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(CNN) - A shocking and frightening new video produced and released by a terrorist group formerly associated with al Qaeda is showcasing horrific killing sprees in Iraq deliberately recorded on camera.
"The Clanging of the Swords” is a graphic and disturbing film made by the Islamic State of Iraq and Syria, or ISIS. Running over an hour, it displays bombings, executions, kidnappings, beheadings and more.
Analysts say the video proves ISIS - a group so extreme that al Qaeda has disowned it - is becoming an even deadlier threat, and they wonder who is providing it with weapons, and the equipment needed to produce the videos.
"This is funded," says Nadia Oweidat, a Middle East Analyst. "This is geopolitics. There is money behind it. It's not just idiots; these idiots have somebody controlling them and providing them with equipment that is very expensive. You can't just get it in a cave."
A far cry from the grainy out-of-focus terrorism videos that have proliferated in the past decade, this one has glossy camerawork and high-level production techniques – as if these terrorists had taken cues from Hollywood movies like "The Hurt Locker" and "Zero Dark Thirty" in order to maximize the terror for viewers.
The opening shots are filmed using an aerial camera flying over Fallujah. Later, you see a brazen daytime raid on a small Iraqi Army base. Once the militants have taken it over, cameras enter the base and show the gruesome aftermath – numerous dead soldiers.
One frightening sequence shows ISIS fighters disguised as Iraqi soldiers setting up fake checkpoints, and looking for members of Iraq's military. One man, accused of just that, is hauled off and executed.
Another horrifying sequence shows a man literally being hunted down, chased by a car as he is shot at. Once shot and on the ground, he pleads for his life.
"I'm just a driver," he says repeatedly, "just a driver."
Then, the frame freezes and what appears to be the man's Iraqi Military ID is shown. It is an attempt by ISIS to prove to viewers the man is lying about being a civilian.
Right after that, sheer brutality, as a hail of bullets is shot into his back.
That's not the worst of it.
At one point, you see a raid on the home of a man accused of having worked with the United States to combat al Qaeda as a member of the Awakening Councils. He and his two sons are made to dig their own graves. A title card announces later they were all beheaded.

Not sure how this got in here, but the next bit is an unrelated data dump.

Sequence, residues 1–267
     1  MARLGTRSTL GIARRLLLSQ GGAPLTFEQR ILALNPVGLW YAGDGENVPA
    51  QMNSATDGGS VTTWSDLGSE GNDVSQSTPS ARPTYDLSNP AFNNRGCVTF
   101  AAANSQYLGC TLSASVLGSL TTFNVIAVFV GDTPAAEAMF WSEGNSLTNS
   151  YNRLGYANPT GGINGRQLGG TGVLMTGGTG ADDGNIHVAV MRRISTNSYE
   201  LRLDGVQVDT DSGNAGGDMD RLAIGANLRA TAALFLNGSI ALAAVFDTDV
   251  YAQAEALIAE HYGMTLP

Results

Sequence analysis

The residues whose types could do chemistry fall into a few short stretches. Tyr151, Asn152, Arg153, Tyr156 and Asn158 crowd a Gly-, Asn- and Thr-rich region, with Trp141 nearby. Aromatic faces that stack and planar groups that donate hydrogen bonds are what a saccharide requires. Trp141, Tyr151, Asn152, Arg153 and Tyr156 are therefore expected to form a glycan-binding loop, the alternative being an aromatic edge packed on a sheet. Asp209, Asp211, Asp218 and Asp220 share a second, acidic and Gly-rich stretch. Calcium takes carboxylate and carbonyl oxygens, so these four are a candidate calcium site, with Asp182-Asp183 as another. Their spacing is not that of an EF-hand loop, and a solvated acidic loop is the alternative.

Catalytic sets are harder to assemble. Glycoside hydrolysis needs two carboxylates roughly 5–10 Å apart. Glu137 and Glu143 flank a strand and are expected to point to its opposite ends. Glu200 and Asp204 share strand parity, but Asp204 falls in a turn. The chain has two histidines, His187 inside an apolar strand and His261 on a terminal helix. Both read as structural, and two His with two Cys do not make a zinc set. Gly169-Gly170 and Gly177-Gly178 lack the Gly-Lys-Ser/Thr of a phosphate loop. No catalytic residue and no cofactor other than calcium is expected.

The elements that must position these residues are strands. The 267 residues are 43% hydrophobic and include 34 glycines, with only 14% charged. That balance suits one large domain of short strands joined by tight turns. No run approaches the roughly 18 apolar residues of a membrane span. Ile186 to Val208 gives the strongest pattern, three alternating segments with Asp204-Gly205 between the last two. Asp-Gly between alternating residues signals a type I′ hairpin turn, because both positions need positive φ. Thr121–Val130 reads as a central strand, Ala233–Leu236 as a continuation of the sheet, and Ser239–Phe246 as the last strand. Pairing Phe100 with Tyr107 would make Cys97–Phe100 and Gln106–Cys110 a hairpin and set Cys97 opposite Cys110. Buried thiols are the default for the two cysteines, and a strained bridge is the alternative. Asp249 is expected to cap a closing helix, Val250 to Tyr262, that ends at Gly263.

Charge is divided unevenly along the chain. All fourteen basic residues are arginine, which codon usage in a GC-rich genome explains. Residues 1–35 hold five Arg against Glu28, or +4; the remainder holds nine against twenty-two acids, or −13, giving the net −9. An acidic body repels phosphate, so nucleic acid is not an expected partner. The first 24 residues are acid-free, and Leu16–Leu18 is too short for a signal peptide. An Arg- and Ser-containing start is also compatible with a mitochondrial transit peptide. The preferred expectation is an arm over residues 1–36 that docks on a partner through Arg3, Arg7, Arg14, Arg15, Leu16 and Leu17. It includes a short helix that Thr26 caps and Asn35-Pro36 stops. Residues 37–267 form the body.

To judge from the video, ISIS's reign of terror is far from over – but experts say that's exactly the reason the group is producing such propaganda.
Oweidat, for one, is convinced the tactics will backfire in the long run.
"ISIS can only be beaten at their own game by showing their brutality – their propaganda is the only tool that can defeat them."
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There are new reports that some of America's most critical and well-protected sites may be even more at risk of a devastating attack than we realized - by terrorists, deranged gunmen or hackers.
CNN has learned of three startling new reports that expose serious security problems affecting power and water supplies, federal buildings and nuclear missiles bases - the three most important public sectors that many officials warned were vulnerable to attack in the earliest days after the September 11th attacks.
Shocking nuclear missile security failure
First, at a nuclear missile site, security forces struggled to respond to a "terrorist infiltration" in a scheduled test and ended up failing miserably, according to an internal investigation. As CNN Pentagon Correspondent Barbara Starr discovered, the report found that the Air Force team may not have been able "to prevent theft, damage, sabotage, destruction or detonation of a nuclear weapon."
Federal buildings may be exposed
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As CNN Justice Correspondent Pamela Brown reports, millions of taxpayer dollars are spent each year paying companies to supply the more than 13,000 contract security guards - and many lack even the most basic skills needed.
Public utility's control system hacked
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Security experts tells CNN's Brian Todd that America's enemies have mapped its infrastructure for cyber-attack, and that rival governments and terrorist groups could have the capability to strike.
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